Before the National Election in Britain, PM Rishi Sunak appealed to the voters, said- ‘Trust me’

Prime Minister Rishi Sunak’s confidence has weakened due to the defeat in local and by-elections before the start of national elections in Britain. Therefore, he has started communicating with the voters of the country even before the elections begin. British Prime Minister Rishi Sunak on Monday urged voters to trust him to keep them safe in a dangerous world. He touted his achievements in a political campaign speech ahead of national elections due sometime this year.

With the ruling Conservatives trailing opposition Labor in the polls, Sunak tried to convince voters that they had confidence in him. During a speech at a Conservative think tank, Sunak said only he could defend the country against a “axis of authoritarian states”. He attacked Labour, saying that the opposition party could not match their pledge to increase defense spending or tackle illegal immigration and that only they had “a clear plan” for the future. However, Labor Party leader Keir Starmer rejected Sunak’s allegations.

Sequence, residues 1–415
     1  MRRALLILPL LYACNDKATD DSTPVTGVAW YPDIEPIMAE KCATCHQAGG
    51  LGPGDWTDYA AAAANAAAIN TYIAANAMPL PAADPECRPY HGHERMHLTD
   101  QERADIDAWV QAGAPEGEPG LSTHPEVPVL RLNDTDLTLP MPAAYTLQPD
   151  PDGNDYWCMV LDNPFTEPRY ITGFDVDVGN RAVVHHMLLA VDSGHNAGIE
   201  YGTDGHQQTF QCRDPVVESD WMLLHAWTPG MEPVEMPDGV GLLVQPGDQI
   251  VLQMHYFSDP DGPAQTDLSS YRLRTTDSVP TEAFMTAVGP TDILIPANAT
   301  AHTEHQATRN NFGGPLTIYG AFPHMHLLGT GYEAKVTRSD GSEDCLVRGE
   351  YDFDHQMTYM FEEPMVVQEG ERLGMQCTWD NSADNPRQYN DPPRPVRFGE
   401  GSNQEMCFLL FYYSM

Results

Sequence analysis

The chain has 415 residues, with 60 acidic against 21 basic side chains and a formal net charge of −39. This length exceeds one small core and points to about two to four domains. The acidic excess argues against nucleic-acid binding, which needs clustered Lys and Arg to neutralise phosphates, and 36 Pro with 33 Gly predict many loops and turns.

“The next election our country is going to face is a general election and the choice in that general election is clear. It is an election of the future versus the past,” PM Rishi Sunak told the Policy Exchange think tank. “We have a clear understanding of what the future holds. We have known for a long time that this is a dangerous time in the world, but also a most transformative one…and in such circumstances I am the only one who has bold ideas And a clear plan that would provide a secure future for the country. Labor responded by accusing the Conservatives of overseeing “costly chaos”.

Labour’s national campaign co-ordinator Pat McFadden said: “The only way to stop the chaos, turn the page and start renewal is a change of government.

The Prime Minister’s team is frustrated by what they believe is a lack of appreciation in the government for what they have achieved so far. Sunak used his speech to discuss the policy he has implemented so far, including a pledge to increase defense spending to 2.5% of GDP by 2030.

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